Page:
Analysis by catastrophe risk modeller CoreLogic estimates an overall loss from Hurricane Ida of between $27 billion and $40 billion, of which up to $21 billion could be covered by re/insurance protection.
The economic loss range from CoreLogic is for losses from wind, storm surge and inland flooding damages to residential and commercial properties in Louisiana, Mississippi, and Alabama.
The company estimates that the total insured flood loss for residential and commercial properties in these three regions will fall between $6 billion and $9 billion, which includes both storm surge and inland flooding.
The uninsured flood loss for this area is estimated at between $8 billion and $12 billion, which takes the estimated overall impact from flooding in the three regions to between $14 billion and $21 billion.
Additionally, CoreLogic estimates that insured wind losses from Hurricane Ida will be between $8 billion and $12 billion.
So, while economic losses are expected to be somewhere between $27 billion and $40 billion, insurance and reinsurance protection is expected to cover between $14 billion and $21 billion of the total loss across Louisiana, Mississippi, and Alabama.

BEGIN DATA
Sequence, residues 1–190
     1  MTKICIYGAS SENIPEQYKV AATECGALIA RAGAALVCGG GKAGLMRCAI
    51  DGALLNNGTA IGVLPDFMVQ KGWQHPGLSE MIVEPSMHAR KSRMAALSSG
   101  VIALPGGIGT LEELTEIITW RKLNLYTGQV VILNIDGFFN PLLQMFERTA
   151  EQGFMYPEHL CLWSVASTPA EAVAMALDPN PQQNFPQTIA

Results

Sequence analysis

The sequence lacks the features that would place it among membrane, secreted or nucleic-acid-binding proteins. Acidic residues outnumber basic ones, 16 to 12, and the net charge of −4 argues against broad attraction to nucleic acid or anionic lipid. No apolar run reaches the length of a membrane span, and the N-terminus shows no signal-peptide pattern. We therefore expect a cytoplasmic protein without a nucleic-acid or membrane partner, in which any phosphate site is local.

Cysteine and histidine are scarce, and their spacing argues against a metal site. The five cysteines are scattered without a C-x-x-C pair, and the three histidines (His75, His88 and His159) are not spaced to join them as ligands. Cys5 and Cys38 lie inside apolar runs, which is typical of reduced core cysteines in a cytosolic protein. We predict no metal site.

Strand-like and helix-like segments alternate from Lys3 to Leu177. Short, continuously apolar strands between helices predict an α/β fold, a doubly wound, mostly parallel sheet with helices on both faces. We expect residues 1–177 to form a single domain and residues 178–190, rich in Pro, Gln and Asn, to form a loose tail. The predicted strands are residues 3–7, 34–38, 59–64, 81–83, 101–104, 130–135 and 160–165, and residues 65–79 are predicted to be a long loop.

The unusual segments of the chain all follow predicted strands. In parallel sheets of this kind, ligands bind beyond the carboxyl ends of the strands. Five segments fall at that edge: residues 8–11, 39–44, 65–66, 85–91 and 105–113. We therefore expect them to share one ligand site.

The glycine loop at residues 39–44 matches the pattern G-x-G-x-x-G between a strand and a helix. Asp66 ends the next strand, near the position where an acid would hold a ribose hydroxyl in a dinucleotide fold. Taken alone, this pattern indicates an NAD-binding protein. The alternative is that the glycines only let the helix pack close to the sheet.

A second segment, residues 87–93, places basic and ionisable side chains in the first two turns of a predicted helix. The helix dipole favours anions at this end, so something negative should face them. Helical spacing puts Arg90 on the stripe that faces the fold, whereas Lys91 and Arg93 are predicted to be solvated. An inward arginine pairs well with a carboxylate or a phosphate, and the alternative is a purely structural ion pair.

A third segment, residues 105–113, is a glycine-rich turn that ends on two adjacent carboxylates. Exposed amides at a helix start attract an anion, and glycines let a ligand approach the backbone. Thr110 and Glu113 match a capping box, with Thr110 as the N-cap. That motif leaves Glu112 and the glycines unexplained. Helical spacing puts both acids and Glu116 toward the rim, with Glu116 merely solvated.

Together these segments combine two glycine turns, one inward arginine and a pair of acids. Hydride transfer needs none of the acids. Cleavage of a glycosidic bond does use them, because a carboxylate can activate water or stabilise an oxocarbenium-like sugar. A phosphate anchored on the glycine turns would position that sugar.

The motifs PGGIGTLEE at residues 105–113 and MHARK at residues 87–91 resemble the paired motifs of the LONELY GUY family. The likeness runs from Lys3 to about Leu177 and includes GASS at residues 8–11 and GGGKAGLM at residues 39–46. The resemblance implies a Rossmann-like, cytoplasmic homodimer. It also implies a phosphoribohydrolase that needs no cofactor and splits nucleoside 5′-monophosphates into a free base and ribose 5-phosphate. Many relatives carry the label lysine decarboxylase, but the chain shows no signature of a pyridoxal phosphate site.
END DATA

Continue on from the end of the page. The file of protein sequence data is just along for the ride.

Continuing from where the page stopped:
At the top end of the ranges, re/insured losses would account for a little more than 50% of the economic loss.
CoreLogic states that over 90% of these losses are estimated to be in Louisiana, primarily in the nine parishes in the New Orleans-Metairie-Hammond metropolitan area and in the Ascension, Lafourche, Livingston and Terrebonne parishes immediately to the west.
Hurricane Ida made its first landfall on August 27th near La Columba, Cuba, with maximum sustained winds of 80mph. On August 29th, the storm made landfall near Port Fourchon, Louisiana, as a Category 4 hurricane with maximum sustained winds of 150mph.
Tom Larsen, principal, insurance solutions at CoreLogic, commented: “Hurricane Ida made landfall less than 40 miles away from where Hurricane Katrina made landfall, but the two storms had substantially different characteristics.
“Even though Hurricane Ida was a higher wind-speed Category storm at landfall, Hurricane Katrina had a much larger wind field and had spent many hours as a Category 5 hurricane before weakening during its approach to landfall. It brought much higher storm surge than Hurricane Ida and flooded 80% of New Orleans in addition to devastating the Mississippi coast. With climate change affecting the ocean’s temperatures, we should expect to see more frequent and destructive tropical cyclone activity. Homeowners and regional public agency leaders should prepare for more resilient city infrastructure and financial protection from catastrophe.”
Adding: “While only 40 to 50% of the flood damages from Hurricane Ida appear to be covered by insurance, this is actually an improvement from the uninsured flood damages we saw from Hurricanes Harvey and Katrina.”